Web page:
Mercutio is in love with Romeo.He seems to be jealous of Romeo and Juliet's relationship, and he is 'extremely' close to Romeo.
Hamlet's insanity is real and is the result of a sublimated Oedipal complex.Oops, it looks like this theory's not so wild after all.
Shakespeare didn't write his own plays.Shakespeare was an uneducated peasant who couldn't even write his name before moving to London and becoming the most famous playwright in existence. The facts don't quite add up. So, in light of that, who did write them?
Shakespeare wrote all of his own plays.Wouldn't that be a twist?
Horatio killed everybody.We see the events of Hamlet from Horatio's perspective. He is in every important scene and has off-stage events reported to him. He promises to tell Fortinbras the story of how Claudius, Gertrude, Hamlet, Laertes, Ophelia, Polonius, Rosencrantz and Guildenstern wound up dead. So he makes up an odd story involving ghosts, dueling with poisoned swords, mistaken identity and insanity to cover up that he's an Ax-Crazy maniac. For all we know, Horatio even murdered Yorick when he was a boy.
Horatio murdered everyone because he was Fortinbras's Brainwashed and Crazy puppet.Notice how he came in right when King Claudius was trying to appeal peace with Norway.
Hamlet knew Yorick in a biblical sense.Alas, poor Yorick! I knew him, Horatio!
Hamlet knew everyone in the cemetery in a biblical sense.Except Ophelia.
Ophelia is PregnantSeen here, but also just type in 'Ophelia Pregnant' in a search engine and multiple results (20 300 from Ask.com) will show up.
Iago does not existHe's the incarnation of that voice within every person's mind, which is why it's so easy for him to trick everyone into believing what he says. He's not saying it — they're thinking it. Emilia is just a klepto with self-esteem issues; Othello is suffering from paranoia (or, if you hold that his seizures are real, he's also having epileptic hallucinations); Roderigo is generally unstable; Cassio has a serious drinking problem... the list goes on. Iago is just an excuse for their own bad behaviour. Killing Desdemona effectively snaps our hero out of this funk, leading him to kill Iago and thus free himself from the toxic influence of his own self-hatred. Of course, all he manages to do is convert it into soul-crushing angst (Emilia in her death scene) that makes him take his own life to 'follow' his lover, but still.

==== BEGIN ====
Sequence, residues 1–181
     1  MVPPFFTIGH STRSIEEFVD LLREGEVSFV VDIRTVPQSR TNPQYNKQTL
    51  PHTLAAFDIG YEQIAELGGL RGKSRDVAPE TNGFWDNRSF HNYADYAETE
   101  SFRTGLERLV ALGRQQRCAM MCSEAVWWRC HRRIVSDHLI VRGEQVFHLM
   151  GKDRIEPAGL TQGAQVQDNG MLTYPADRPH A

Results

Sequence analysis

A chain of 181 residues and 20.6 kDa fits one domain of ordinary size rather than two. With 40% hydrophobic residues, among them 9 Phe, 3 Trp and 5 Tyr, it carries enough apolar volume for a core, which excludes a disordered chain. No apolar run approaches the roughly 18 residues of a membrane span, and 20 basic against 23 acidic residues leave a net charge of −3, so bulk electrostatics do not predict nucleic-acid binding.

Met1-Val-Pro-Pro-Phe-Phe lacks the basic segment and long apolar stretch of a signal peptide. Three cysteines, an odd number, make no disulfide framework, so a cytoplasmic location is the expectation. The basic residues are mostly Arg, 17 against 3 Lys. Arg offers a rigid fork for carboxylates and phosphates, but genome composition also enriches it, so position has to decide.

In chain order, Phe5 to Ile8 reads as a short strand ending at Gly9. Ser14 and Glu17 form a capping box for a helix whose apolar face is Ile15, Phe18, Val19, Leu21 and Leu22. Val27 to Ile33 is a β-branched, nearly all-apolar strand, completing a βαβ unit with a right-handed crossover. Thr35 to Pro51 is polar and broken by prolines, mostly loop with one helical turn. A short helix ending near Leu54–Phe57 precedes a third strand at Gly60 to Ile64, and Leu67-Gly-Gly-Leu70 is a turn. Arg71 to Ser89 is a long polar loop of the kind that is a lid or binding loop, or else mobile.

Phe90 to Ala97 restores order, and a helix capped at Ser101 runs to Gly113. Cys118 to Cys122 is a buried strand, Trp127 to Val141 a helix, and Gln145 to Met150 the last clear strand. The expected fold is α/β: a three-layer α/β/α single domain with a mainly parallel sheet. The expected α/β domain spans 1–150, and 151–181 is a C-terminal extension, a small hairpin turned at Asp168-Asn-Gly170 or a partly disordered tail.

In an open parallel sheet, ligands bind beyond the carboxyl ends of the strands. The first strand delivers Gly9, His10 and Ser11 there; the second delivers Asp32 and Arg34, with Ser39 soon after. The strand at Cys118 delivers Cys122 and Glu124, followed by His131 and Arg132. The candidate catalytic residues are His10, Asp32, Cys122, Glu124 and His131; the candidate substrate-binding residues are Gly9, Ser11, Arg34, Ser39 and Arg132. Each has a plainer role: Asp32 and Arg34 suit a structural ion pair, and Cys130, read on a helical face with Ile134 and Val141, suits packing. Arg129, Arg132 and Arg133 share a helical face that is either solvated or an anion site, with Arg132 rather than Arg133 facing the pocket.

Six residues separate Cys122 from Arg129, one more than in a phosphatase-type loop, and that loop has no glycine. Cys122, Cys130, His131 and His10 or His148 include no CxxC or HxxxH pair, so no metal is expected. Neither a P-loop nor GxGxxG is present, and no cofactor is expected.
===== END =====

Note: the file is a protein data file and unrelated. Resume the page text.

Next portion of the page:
Othello suffers from MPD, and Iago is the other personality.Since the story is told mostly from Iago's point of view, the whole thing is a severe case of Unreliable Narrator.
Everyone in Othello is in the psych ward.Iago started out as a delusion of one of the patients; the rest ran with it, editing him into their own personal safety net. "As long as it's Iago's fault, it's not mine." When each of the characters 'die' in the story, they've been released — either cured or on their way to recovery. Othello is released when he kills 'his' Iago.
Iago did die.This is made explicit in the Laurence Fishburne version of Othello (in which Kenneth Branagh plays Iago.)
Claudius is Hamlet's biological fatherDoesn't it seem odd that Gertrude willingly leaped right into bed with her husband's brother Claudius once Hamlet Senior kicked the bucket? Indeed, the Gravedigger scene informs us that Hamlet was born the same day that Hamlet, Sr. killed Fortinbras, Sr. Old Hamlet was out on military campaigns all the time. It's hardly a stretch to think that Gertrude fooled around with Claudius behind her husband's back. Claudius himself knows that Hamlet is his son, which is why he initially tries to be friends with him and insists that he remain at Elsinore rather than return to France for school. Indeed, Kenneth Branagh's adaptation all but makes this assertion. Branagh bears a much greater resemblance to Derek Jacobi than BRIAN BLESSED, and the scene where Claudius orders Hamlet's murder makes Claudius seem genuinely reluctant to do so.
Claudius is Laertes's biological fatherSuggested in the Mel Gibson Hamlet.
Benvolio killed Tybalt's father.In Romeo and Juliet, Tybalt Capulet is introduced as a volatile, violent person who loathes the Montagues even more than his kinsmen do. This suggests that he has a personal motive for hating Montagues; even Boss Capulet himself has to restrain him from murdering Romeo at the party. This motive is personal enough. This interpretation is good because it gives Tybalt a deeper motive and makes his character more understandable.